I’m a sucker for a good Jane Austen adaptation. In fact, I think I’ve seen just about every one in existence, apart from those awkward 1970s BBC ones that are about as exciting as cohabitation with Mr Collins. So, naturally, this week’s Classic Remarks topic is right down my alley. But since I’ve been watching Austen adaptations since I was about thirteen, it’s kind of tough to pick my favourite. So, instead, I’ve decided to group my selections to cover all the bases you might use for evaluating an Austen adaptation.
I’ve already written a review of it, so I won’t bang on too long, but I think that in terms of creativity, Patricia Rozema’s 1999 Mansfield Park takes the prize for the most creative engagement with the source material. I know a lot of people hate this version, because it’s a pretty grim take on Austen’s novel which takes a lot of licence with the original, but I’m very impressed with the intellectual engagement present in this film. It’s not the most enjoyable of viewing experiences, but it’s very interesting creatively, and although it may require a little more effort, it’s well worth it.
You hear a lot about adaptations of Pride and Prejudice, Emma, and to some extent Sense and Sensibility. But if there’s an Austen adaptation that doesn’t get as much press as it deserves – well, actually, it would probably have to be a tie between the 2007 Northanger Abbey, with the tireless Andrew Davies as screenwriter, and the 1995 Persuasion. Northanger Abbey could give 1995’s Pride and Prejudice a run for the title of ‘Sexiest Austen Adaptation’, although it’d still probably lose. But it’s a great adaptation of one of the least-filmed Austen novels. As for Persuasion, this BBC production manages to capture the more mature, pensive mood of Austen’s later novel perfectly. It’s understated, intelligent, and secretly wonderful – much like its heroine, Anne Elliot.
I love re-watching the 1996 Gwyneth Paltrow Emma – not because I think it’s the best adaptation of Emma (personally I think the Kate Beckinsdale version was a bit more understated but perhaps a bit better acted and written) – but because it was the first Austen adaptation I ever watched, and may perhaps be responsible for my Austen obsession in the first place. There you go. If you need someone to blame, blame Douglas McGrath.
Okay, I’ll admit it, this one’s a complete tie. Because to be honest, I can’t decide between Clueless (based on Emma) and Bride and Prejudice (based on Pride and Prejudice). Both movies are funny, clever, and enjoyable to watch. Clueless sets Austen’s Emma in an American high school, and is so delightfully 90s it makes me want to cry (Cher’s computerised closet, the ridiculous outfits, the grungy skater kids – sigh. What a time to be alive). Bride and Prejudice is a Bollywood-inspired take on Pride and Prejudice, and highlights cultural difference as a key point of friction between the Darcy and Elizabeth/Lalita characters. Plus it has incredibly catchy tunes. Seriously. I only have to listen to about ten bars of ‘No Life, Without Wife’ and it’s stuck in my head for days afterward. You’ve been warned….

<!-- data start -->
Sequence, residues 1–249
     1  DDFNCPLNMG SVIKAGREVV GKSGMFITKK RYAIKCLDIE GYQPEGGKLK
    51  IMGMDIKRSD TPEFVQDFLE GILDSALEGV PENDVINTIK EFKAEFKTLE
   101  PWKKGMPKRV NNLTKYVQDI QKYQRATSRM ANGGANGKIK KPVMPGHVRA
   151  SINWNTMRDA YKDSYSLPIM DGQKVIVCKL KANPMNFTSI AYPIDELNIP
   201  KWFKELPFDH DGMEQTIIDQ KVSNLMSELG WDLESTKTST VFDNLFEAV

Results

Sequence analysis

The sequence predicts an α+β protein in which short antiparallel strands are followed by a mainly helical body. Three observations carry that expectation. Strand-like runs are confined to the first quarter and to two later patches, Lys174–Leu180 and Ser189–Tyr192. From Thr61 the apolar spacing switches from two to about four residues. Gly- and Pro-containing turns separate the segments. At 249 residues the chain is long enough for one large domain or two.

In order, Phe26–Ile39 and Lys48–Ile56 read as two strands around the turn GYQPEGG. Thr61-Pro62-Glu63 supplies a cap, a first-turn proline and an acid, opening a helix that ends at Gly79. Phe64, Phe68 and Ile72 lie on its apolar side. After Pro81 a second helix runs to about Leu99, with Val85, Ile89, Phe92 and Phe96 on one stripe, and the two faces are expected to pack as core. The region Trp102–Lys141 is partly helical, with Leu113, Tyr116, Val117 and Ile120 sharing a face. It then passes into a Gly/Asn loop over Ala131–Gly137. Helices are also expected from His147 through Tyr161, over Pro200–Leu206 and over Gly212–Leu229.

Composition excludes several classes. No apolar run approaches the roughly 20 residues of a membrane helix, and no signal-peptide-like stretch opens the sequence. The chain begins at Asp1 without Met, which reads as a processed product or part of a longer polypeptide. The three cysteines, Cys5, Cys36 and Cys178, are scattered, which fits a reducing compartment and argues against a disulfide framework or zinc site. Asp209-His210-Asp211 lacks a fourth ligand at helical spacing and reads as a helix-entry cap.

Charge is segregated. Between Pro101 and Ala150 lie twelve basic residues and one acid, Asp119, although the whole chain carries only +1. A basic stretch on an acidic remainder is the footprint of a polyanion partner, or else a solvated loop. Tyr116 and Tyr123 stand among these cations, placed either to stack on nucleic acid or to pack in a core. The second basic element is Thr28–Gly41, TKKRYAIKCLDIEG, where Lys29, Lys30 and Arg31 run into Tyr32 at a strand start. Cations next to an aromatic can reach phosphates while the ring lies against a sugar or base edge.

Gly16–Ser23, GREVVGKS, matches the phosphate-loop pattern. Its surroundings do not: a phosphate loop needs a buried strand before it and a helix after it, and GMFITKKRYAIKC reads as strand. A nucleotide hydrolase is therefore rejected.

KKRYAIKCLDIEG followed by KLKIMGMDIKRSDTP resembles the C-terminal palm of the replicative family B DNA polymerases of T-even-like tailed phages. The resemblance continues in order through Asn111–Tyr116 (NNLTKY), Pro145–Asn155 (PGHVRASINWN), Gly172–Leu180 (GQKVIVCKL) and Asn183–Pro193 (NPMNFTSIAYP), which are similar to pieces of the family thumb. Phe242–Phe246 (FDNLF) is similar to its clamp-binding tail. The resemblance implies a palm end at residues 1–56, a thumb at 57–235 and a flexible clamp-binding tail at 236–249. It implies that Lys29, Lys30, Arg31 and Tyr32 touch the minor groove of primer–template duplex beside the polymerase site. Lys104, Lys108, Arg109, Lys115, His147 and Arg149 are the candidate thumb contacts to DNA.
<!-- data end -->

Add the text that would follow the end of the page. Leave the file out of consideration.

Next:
What I think makes these modernisations so great is that both of them have fun with the source material and with the characters they create. They’re both joyful and playful and embrace the ridiculous. And there’s not too many awkward moments where the screenwriters desperately try to make an Austen plot point work in the twentieth/twenty-first century. They play fast and loose with Austen’s plots, and it works. They may seem like fun, relaxing comedies on the surface, but like Austen’s novels themselves, both movies actually use comedy to explore contemporary issues in a clever way. And now… I’m off to re-watch Bride and Prejudice, and hopefully stop humming ‘No Life, Without Wife’ under my breath.
Come on. You knew it was coming. Where else would the 1995 Jennifer Ehle/Colin Firth Pride and Prejudice adaptation be? Despite the wealth of interesting and fun Austen adaptations out there, somehow I always seem to come back to this one as the cream of the crop. It’s probably not surprising. This adaptation set a new standard for Austen on-screen, and it’s come to define our understanding of what ‘Jane Austen films’ look like. It’s well-acted, well-scripted, and well-filmed. But 1994’s Sense and Sensibility follows close behind. Emma Thompson won an Oscar for the screenplay, and it’s easy to see why. It picks up on the joyful energy of mid-nineties literary adaptations (think Much Ado About Nothing, for example) and plays around with historical details and sub-plots that don’t necessarily catch your eye in the original novel. These two adaptations have just come to define the genre. With strong female leads and smart scripting, they’re an excellent example of toeing the line between entertaining and intellectually stimulating.
What’s your favourite Jane Austen adaptation?